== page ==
Legislative Activity - Virginia

 

  • Virginia Legislators And Victims Speak Against Death Penalty Two Virginia lawmakers who have had a family member murdered recently spoke in opposition to the death penalty. During a senate committee hearing on a bill to impose a moratorium on executions, Senators Henry L. Marsh III and Janet D. Howell noted that their opposition to the death penalty was based in their experience of losing a loved one to murder. Howell's father-in-law was murdered in his home eight years ago. She noted, "Up until then, I was in favor of the death penalty. But when my father-in-law was murdered, I discovered that the possibility of a death sentence on someone did not unify my family; it splintered my family. One of the reasons that I had always supported the death penalty was suddenly not there anymore." Marsh added that his brother was shot eight years ago. Though Marsh momentarily questioned his opposition to the death penalty, he stated that his brother's murder and the events that followed made him even more convinced that there could be innocent people sentenced to death. The legislation failed to pass out of committee. (Washington Post, January 17, 2006). See Victims and New Voices.

  • Passed a bill in May 2003, regarding the exemption of the mentally retarded from the death penalty. Retardation, described as "significantly subaverage intellectual functioning," is to be determined by the jury (or by the judge in non-jury trials) as a part of the sentencing phase. For more information regarding this legislation, Click Here.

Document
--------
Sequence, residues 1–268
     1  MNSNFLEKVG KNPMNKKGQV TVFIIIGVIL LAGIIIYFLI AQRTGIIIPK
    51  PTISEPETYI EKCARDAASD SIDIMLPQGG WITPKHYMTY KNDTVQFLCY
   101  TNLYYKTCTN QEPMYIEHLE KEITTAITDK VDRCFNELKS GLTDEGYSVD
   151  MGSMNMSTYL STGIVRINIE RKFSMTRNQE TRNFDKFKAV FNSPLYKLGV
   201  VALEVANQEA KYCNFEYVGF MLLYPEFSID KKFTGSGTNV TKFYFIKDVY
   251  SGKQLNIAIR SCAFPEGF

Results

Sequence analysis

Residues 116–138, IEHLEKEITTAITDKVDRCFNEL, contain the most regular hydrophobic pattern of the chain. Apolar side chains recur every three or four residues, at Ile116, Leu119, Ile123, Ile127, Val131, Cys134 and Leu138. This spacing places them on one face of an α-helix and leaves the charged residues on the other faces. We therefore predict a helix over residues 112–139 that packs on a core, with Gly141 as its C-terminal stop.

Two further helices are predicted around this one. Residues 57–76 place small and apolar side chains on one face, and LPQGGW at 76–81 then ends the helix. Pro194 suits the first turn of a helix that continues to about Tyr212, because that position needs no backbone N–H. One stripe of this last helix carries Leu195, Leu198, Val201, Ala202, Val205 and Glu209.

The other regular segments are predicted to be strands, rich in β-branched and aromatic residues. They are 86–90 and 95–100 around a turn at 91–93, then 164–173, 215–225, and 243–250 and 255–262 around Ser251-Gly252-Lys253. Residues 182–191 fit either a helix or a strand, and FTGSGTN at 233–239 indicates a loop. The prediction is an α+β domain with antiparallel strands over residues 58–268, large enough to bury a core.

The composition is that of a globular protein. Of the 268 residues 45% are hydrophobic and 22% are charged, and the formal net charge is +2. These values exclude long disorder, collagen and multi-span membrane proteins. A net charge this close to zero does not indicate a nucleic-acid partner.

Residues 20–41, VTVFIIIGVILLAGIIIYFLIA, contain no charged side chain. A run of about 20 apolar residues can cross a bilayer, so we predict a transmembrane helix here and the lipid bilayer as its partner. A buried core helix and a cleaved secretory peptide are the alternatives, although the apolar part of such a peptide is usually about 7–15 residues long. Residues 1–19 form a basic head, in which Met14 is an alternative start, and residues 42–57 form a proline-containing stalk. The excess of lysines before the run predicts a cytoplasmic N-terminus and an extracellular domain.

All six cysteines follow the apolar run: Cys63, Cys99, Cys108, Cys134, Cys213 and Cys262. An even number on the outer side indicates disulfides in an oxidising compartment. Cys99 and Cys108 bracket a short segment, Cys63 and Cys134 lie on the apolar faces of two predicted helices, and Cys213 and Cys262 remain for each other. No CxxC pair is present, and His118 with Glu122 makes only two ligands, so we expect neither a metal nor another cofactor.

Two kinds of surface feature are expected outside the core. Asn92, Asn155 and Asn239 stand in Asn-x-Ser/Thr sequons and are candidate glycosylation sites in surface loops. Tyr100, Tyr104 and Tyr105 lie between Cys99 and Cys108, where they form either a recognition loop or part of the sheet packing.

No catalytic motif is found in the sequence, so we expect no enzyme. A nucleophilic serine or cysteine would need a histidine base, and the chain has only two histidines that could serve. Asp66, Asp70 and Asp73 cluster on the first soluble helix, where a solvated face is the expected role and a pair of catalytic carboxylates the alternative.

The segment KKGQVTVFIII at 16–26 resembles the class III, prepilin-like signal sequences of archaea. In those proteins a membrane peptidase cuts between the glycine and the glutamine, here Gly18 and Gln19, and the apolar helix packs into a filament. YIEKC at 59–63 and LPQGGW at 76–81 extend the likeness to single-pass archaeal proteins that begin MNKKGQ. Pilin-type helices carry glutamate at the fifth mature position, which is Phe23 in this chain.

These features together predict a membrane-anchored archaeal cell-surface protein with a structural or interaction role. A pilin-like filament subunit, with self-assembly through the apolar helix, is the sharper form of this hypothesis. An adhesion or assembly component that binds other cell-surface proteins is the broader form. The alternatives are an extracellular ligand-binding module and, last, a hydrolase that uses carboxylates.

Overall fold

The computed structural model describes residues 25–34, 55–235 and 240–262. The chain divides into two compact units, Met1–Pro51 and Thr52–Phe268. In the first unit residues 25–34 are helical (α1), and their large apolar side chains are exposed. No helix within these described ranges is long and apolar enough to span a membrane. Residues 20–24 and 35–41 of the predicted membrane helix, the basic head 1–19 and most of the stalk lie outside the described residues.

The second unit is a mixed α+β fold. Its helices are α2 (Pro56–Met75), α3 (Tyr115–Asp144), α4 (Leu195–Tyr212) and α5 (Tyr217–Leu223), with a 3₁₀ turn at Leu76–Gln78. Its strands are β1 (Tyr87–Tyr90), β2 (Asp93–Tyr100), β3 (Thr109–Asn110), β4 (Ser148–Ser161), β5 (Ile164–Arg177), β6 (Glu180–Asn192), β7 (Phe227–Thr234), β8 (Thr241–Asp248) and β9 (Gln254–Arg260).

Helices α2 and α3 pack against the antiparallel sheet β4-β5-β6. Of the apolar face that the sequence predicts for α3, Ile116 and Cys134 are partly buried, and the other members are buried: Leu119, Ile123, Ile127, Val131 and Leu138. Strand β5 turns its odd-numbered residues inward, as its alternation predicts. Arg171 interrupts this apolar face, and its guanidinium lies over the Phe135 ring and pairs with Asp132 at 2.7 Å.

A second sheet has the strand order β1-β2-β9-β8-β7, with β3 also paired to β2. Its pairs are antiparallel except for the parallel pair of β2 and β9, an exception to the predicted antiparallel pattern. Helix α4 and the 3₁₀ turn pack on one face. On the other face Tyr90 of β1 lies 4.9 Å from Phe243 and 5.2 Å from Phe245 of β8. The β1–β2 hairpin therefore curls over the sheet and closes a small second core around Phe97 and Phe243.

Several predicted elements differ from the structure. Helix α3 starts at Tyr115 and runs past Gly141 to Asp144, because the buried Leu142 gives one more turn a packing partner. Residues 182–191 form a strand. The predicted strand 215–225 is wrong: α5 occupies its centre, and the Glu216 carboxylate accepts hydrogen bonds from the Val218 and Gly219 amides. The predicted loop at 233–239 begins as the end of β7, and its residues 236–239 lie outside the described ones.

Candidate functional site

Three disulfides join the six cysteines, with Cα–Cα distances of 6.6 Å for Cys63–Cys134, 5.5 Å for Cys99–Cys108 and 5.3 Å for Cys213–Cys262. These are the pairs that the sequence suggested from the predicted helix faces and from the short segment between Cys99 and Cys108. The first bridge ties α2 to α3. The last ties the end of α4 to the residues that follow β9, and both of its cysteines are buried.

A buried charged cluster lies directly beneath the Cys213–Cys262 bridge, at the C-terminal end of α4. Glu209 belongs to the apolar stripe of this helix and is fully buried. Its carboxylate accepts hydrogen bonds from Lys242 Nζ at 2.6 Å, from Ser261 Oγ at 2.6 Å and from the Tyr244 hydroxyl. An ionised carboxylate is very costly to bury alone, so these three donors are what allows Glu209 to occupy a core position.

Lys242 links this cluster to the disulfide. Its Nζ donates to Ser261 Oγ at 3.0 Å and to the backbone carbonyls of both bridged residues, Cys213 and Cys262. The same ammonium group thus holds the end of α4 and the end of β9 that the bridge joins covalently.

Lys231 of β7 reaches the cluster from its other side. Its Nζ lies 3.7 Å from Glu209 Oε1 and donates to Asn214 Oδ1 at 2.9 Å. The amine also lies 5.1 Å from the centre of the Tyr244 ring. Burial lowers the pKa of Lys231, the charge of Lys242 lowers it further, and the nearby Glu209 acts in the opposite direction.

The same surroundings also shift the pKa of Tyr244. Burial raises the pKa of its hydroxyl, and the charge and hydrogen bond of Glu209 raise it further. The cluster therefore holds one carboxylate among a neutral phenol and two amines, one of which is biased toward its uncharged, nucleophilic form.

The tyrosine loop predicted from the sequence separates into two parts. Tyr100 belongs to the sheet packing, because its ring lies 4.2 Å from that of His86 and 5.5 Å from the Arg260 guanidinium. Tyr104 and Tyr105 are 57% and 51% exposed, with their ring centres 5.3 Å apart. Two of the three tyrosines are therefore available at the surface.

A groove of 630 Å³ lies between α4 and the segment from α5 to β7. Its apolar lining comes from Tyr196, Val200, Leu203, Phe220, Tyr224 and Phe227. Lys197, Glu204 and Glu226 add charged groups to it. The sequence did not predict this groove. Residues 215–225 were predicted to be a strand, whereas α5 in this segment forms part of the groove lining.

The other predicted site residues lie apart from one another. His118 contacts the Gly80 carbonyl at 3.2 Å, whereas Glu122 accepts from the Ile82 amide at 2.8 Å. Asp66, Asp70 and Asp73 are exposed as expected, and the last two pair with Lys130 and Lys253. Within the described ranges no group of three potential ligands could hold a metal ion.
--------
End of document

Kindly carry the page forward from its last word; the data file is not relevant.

• On May 2, 2001, Gov. James Gilmore signed a bill to allow death row inmates access to DNA testing after their convictions. The legislation sets up procedures for the preservation of forensic evidence and allows inmates to petition the Virginia Supreme Court for a "writ of actual innocence" requiring the inmate to be released when he can prove his innocence using DNA evidence. The bill creates a significant exception to the state's "21-day rule," which bars appeals based on new evidence any later than 21 days after sentencing. The part of the legislation authorizing the Court to hear a "writ of actual innocence" requires a constitutional amendment. SJR 419 which proposes the amendment, was passed by both chambers and does not need action by the Governor. However, it will have to be passed again by the legislature in 2002 and then approved by the voters in the November 2002 election.
  • Virginia Governor Gilmore signed a bill that authorizes the Virginia Supreme Court to set standards for attorneys defending death penalty cases.
  • The bipartisan Joint Legislative Audit and Review Commission announced that they will study the fairness of Virginia's death penalty. The Commission plans to examine Virginia's 21-day rule which prohibits defendants from introducing new evidence, including DNA testing, three weeks after sentencing. The Virginia Supreme Court has already proposed a new procedure that would allow evidence of innocence to get a court hearing after the 21-day deadline. The Commission will also investigate whether the death penalty is applied fairly across racial groups and whether defendants in capital cases are getting adequate representation in court. The review could also focus on the fairness of executing those who are mentally retarded or who were juveniles at the time of their crimes. The Commission study is expected to take up to a year and plans to propose changes to the death penalty in time for the legislative session, which starts in January. For a compilation of proposed Virginia Legislation, see https://www.vadp.org/legis.htm